Nigeria has ousted a longtime incumbent over Boko Harem's infamous kidnapping
Last week, on March 25, 2015, Nigeria held a democratic election between President Goodluck Jonathan and Muhamadu Buhari. It was the first election since Nigeria’s independence from the British Empire wherein an opposition leader beat an incumbent by over two million votes according to Nigeria’s Independent National Electoral Commission. President-elect Buhari will be sworn in May 29, 2015.
Nigeria is Africa’s most populous country and, as they’re rich in oil, the continent’s largest economy, although plagued with economic woes. Nigerians were tired of Jonathan’s lackadaisical attitude and actions towards Boko Harem, the murder of 16,000 citizens and the kidnapping of 276 girls sparking the #bringbackourgirls Twitter campaign as well as many other issues.
Nigeria has several millionaire retired military generals who pull the strings behind the scenes. Jonathan alienated one of the godfathers, General Olusegun Obasanjo, who has governed Nigeria twice (between 1976-1979 and 1999-2007).
Another mistake Jonathan made leading to his demise was gerrymandering and rigging elections, bad management, cronyism and corruption. But it was Boko Harem and their kidnapping and sex trafficking of those girls, combined with Jonathan’s lack of concern, that pushed the Electorate over the edge. And those generals who were really in charge chose not to help him.
Buhari ran on a promise for change campaign and said that he would rapidly address the corruption problems that have plagued the country for years. The issue for the voters was stopping corruption, Boko Harem (now allied with the Islamic State) and Muslim extremism in the northeast. With the help of neighboring countries, Chad, Niger and Cameroon, Buhari is confident he can achieve control over the terrorist group. All voters from both sides wanted better security, electricity, running water and better infrastructure. Buhari has made strides in these areas without being President.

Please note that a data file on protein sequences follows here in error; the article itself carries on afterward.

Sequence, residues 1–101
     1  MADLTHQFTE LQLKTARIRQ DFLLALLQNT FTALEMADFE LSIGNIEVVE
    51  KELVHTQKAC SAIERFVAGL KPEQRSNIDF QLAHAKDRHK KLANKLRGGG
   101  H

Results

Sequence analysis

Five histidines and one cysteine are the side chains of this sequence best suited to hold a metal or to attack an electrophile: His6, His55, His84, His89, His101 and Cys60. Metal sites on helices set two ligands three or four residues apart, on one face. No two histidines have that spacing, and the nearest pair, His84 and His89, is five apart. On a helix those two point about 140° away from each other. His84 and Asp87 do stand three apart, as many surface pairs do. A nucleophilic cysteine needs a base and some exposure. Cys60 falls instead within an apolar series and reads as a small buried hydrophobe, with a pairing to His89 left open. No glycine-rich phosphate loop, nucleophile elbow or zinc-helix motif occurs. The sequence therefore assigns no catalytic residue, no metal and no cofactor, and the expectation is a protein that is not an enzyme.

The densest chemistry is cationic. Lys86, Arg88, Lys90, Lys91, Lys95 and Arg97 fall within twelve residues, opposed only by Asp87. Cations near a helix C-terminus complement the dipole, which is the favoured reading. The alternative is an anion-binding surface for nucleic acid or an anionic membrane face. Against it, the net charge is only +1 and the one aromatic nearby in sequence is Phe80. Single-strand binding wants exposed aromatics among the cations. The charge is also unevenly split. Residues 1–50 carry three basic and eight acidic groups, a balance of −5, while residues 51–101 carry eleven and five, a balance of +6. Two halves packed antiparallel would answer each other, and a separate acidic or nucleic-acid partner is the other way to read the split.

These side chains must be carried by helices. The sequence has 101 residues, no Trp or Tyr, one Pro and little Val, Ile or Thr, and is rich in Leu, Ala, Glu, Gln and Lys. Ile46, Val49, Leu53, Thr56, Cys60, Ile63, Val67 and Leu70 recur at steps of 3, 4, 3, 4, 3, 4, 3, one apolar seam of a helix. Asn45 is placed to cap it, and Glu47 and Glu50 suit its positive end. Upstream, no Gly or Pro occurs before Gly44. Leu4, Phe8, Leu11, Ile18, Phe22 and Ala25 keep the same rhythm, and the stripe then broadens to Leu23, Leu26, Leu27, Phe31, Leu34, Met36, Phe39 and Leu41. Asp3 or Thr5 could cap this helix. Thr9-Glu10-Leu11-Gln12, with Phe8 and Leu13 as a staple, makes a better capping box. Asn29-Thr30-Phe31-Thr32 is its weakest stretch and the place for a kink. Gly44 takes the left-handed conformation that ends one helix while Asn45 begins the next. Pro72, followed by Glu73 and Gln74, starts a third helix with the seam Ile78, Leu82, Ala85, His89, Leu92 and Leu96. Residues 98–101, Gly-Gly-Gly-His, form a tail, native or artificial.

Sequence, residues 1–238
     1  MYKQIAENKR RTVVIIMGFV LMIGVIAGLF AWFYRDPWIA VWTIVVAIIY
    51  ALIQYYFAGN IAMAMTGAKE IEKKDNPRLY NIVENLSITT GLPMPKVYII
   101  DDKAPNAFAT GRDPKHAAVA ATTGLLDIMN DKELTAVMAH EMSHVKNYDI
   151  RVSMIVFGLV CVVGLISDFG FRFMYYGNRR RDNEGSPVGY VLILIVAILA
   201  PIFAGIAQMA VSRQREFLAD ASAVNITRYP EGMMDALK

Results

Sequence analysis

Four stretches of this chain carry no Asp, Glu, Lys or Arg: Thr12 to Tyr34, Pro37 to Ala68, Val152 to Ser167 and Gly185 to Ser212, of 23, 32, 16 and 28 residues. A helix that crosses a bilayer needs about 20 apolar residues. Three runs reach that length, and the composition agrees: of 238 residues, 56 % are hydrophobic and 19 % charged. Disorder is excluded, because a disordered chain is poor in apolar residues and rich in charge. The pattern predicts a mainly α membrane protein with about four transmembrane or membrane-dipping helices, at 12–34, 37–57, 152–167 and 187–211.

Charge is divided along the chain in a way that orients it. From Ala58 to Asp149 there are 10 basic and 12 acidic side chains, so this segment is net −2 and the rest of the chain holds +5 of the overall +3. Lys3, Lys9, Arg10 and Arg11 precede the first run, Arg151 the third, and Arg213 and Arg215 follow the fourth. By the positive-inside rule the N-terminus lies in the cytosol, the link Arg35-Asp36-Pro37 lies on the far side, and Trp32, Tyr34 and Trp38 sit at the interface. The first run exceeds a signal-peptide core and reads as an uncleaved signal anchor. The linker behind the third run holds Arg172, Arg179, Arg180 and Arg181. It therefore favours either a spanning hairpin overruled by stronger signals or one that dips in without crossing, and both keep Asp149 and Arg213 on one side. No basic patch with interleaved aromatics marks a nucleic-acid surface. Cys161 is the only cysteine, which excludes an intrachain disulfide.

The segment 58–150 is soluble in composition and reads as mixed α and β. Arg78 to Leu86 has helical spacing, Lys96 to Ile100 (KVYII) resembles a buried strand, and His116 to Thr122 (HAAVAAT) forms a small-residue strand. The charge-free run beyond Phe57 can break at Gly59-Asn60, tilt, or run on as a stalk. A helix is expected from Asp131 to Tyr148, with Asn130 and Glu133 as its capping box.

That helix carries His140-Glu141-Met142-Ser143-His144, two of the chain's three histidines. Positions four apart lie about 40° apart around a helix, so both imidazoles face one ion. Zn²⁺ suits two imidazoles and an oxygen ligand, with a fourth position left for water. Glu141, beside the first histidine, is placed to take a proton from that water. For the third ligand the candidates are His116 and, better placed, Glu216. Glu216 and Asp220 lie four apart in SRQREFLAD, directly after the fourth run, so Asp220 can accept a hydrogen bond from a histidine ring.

The two candidates could not have been further apart. Goodluck Jonathan, a Christian from the wealthier south, was educated in Nigeria. He has degrees in Zoology, Hydrobiology and started, but did not finish, a doctorate in Zoology. Before entering politics in 1999, he worked as an education inspector, lecturer, and environmental-protection officer.
Jonathan became President after the death of President Umaru Yar’Adua’s in 2010. He was re-elected that same year. He has no military experience, is worth $10 million, and has turned his back on human rights victims. He is known for his corrupt way of getting things done and accomplished little, if not made things worse.
Muhamadu Buhari has a history in Nigeria that few candidates do. Born in 1945, he was part of the military soon after Nigeria’s freedom from Britain. He moved up the ranks through several civil wars. Since 1960 there has been several coup d’etats, including one by President-elect Buhari in 1983, and multiple failed attempts at democracy due to corruption.
Buhari is a Muslim from the north. He joined the Nigerian military in 1961, undergoing officer cadets training at Mons Officer Cadet School in Aldershot in England. After gaining the rank of colonel, Buhari attended the US Army War College in Carlisle, Pennsylvania, gaining a Master’s Degree in Strategic Studies. He returned to Nigeria as a General Commanding Officer.
Besides already being President once from 1983-1985, (he denies having anything to do with the 1983 coup) Buhari remained in politics in Nigeria, including three prior unsuccessful bids for the Presidency. In 2014 he once again announced his candidacy for the March 2015 election. Buhari admits himself that he wasn’t the best he could be from 1983-1985 but has grown with time and wants to make Nigeria a strong capitalist democracy.
Of concern, there are many human rights abuses in Buhari’s past, but he wants to move forward with his agenda. He has promised not to invoke Sharia law, although in the past he has been an advocate for it. The Nigerian Electorate is taking him at his word for now.
Buhari has said that he would not look to the past, meaning he will not seek prosecution of any prior leaders, including Goodluck Jonathan. Both have made a pact to not challenge the election or o incite civil war as a power struggle. As of this publication, Nigeria has been calm on both sides. Hopefully, things will stay that way.
In the meantime, bring back our girls.